Environment Protection Authority Victoria (EPA) has today published a snapshot of water quality in Port Phillip Bay and its catchments over the past financial year.
EPA Group Manager of Applied Sciences, Anthony Boxshall said that while overall water quality had marginally declined, it was pleasing to see improvements in some catchments and the continued good quality of Port Phillip Bay.
“The Yarra catchment’s water quality in particular has been improving for more than a decade, despite pressure from urbanisation and population growth,” Dr Boxshall said.
“More than one-third of Victoria's native plant and animal species live in this catchment and we know it’s popular for many recreational uses, so this result is very positive,” he said.
Dr Boxshall said that water quality in the Mornington catchment had also improved, with slightly lower levels of nutrients and improved dissolved oxygen levels.
Dry conditions also led to significantly reduced river flow and saw some small tributaries reduced to isolated pools, particularly in the Maribyrnong and Werribee catchments.
“This generally resulted in a decline in water quality. Reduced flow often results in low oxygen levels and increased salinity and algal blooms, all of which can cause stress to aquatic life,” Dr Boxshall said.
Called Report Card, the data is published on the Yarra and Bay website and was developed with input from Melbourne Water and the Department of Environment, Land, Water and Planning.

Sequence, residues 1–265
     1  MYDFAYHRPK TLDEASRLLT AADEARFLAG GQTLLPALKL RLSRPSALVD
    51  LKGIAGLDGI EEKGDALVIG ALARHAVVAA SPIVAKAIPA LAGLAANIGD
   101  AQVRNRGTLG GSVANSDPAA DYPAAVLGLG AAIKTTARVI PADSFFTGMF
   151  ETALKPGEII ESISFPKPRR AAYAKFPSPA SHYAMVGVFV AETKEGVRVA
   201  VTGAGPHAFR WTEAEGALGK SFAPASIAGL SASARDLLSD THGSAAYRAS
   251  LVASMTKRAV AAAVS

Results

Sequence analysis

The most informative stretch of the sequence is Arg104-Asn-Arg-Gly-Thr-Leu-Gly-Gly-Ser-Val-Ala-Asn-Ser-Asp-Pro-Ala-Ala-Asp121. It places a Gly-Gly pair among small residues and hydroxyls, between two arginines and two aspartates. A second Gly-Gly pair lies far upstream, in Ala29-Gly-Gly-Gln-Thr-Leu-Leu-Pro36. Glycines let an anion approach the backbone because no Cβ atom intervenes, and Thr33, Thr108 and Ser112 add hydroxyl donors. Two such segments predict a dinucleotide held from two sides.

Report Cards dating back to 2012-13 are also available on the site.
Key indicators of water quality have been used to calculate an overall water quality score for each of the 102 catchments and eight marine sites in the 2015-16 Report Card.
Dr Boxshall said that government agencies, local councils and the community had taken many steps in recent years to improve water quality in the bay and its catchments.
“Native vegetation planting, the removal of silt and litter and efforts to reduce agricultural runoff are just some of the many initiatives helping to improve water quality,” he said.
“These steps are vitally important. The catchments and bay of the Port Phillip region are popular social and recreational areas, and are important to the livelihoods of farmers, fishers and businesses across Victoria.”
The Report Card provides examples of specific actions undertaken in each catchment that contribute to positive impacts on water quality.
Dr Boxshall said that everyone could make a difference to water quality in the bay and its catchments by being mindful of what enters the stormwater system.
“The stormwater drain in your street eventually flows to the nearest creek, river, lake or bay, so we must all be mindful of what enters these drains,” he said.
From 1 December, EPA will be issuing twice-daily water quality forecasts for 36 Port Phillip Bay Beaches and four locations in the Yarra River popular for water activities.
The forecasts will predict water quality based on the latest weather conditions, water quality history, recent bacterial sampling results and community pollution reports.
EPA advises against swimming for up to 48 hours after heavy rain because during this period there may be a higher risk of illness to swimmers from increased bacterial levels.
For further information visit the Yarra and Bay website at www.yarraandbay.vic.gov.au.
Photo: Volunteers cleaning up the Port Phillip Bay shoreline. Source: Melbourne Water